According to the SMCS website, tradition has it that the day after the Founder’s Day concert, the SMCS Alumni Association comes together to “sing Mass as part of an alumni homecoming, followed by a reception and open mic night at which the alumni share their talents, and catch up with friends old and new.” With alumni like Michael Burgess, crooner Matt Dusk, opera stars Robert Pomakov and Michael Schade, and Kevin Hearn of the Bare Naked Ladies among their ranks, one would think that the mic would hardly be necessary!
All kind of patterns emerge when you use the Just Ask! search function in our online listings to look for music of a particular type instead of ploughing through acres of print. One pattern, among many that caught my eye going through this date range just for choral music, was the number of period choral ensembles among them.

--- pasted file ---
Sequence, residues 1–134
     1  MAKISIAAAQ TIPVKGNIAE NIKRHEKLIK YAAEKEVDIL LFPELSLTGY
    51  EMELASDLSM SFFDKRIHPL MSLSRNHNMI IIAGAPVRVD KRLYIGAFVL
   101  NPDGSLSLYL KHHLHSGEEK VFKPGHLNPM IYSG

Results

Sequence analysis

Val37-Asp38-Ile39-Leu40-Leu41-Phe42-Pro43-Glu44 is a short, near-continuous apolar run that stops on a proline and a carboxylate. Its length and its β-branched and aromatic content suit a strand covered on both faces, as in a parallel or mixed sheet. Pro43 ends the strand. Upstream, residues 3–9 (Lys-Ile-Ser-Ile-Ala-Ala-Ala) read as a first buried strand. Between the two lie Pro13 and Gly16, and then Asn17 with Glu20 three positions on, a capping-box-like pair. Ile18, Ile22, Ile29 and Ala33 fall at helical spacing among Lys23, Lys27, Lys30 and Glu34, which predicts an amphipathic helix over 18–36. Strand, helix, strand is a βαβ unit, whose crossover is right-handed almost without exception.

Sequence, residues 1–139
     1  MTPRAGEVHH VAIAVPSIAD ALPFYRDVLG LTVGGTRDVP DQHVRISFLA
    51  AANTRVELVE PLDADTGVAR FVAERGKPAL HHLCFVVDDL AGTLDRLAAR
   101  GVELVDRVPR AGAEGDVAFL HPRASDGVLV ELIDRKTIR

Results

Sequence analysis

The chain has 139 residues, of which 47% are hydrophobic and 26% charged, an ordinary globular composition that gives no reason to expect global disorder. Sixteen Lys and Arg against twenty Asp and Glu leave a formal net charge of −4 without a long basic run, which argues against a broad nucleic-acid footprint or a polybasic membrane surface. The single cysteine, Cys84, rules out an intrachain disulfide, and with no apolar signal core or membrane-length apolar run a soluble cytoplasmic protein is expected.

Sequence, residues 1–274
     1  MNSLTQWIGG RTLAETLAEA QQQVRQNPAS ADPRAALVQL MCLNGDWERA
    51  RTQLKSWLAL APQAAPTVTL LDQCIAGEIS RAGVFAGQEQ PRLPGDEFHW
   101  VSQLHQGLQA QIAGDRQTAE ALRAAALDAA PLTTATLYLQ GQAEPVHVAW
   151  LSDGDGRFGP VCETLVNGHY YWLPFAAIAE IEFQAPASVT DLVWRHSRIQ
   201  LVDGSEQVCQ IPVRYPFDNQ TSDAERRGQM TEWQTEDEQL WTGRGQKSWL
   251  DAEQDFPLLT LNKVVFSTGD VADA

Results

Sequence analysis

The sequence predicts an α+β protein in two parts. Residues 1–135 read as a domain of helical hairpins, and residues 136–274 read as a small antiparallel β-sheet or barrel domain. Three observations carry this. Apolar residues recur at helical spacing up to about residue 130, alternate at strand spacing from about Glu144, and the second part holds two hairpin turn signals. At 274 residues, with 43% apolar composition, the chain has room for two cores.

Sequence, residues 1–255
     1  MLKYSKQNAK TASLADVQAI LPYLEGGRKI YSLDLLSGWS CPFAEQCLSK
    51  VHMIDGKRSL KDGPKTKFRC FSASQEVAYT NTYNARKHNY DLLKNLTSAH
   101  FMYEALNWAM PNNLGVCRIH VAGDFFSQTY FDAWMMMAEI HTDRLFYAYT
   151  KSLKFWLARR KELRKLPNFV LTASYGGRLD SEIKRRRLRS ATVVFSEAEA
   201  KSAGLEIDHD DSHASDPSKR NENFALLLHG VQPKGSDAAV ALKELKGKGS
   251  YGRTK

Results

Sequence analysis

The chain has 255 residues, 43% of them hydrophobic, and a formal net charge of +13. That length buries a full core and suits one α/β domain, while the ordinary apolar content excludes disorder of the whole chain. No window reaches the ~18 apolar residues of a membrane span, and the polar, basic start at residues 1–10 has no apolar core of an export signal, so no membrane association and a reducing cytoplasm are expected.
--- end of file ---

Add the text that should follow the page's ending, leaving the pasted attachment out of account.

Oct 14 at 3pm Melos Choir and Period Instruments in Kingston presents “A Tea and Recital: Virtuosic Vocals 12th-18th Centuries” covering the evolution of western bel canto singing from the monastery to the Baroque opera house. And if I really hurry back I can boot it back to Toronto by 7.30pm in time to hear the Tallis Choir, under the direction of the ubiquitous Peter Mahon perform “Six Bach Motets” to kick off their 40th anniversary concert season. Or if I am running late, take in Opus 8’s “A Musical Bestiary” at 8pm, offering works from Monteverdi to Stockhausen. Moving on, Oct 28 and 29, U of T early music vocal ensemble, Schola Cantorum, with Baroque orchestra offers up a period treatment of Handel’s Messiah under the expert direction of Jeanne Lamon and Daniel Taylor, at Trinity College Chapel. Also on Oct 29 at 10:30am Royal York Road United Church celebrates the “500th Anniversary of the Reformation” with Bach’s Cantata No.79 “Gott der Herr ist Sonn und Schild” BWV79. And the same day at 3pm Toronto Chamber Choir offers up a program titled “The Architecture of Music (Kaffeemusik),” with works by Dufay, A. Gabrieli, Charpentier, Purcell, Telemann and others. Finally, Cor Unum Ensemble on November 4 and 5, also at Trinity College Chapel offers up polyphonic madrigals and “a string band of 16th-century Italy.”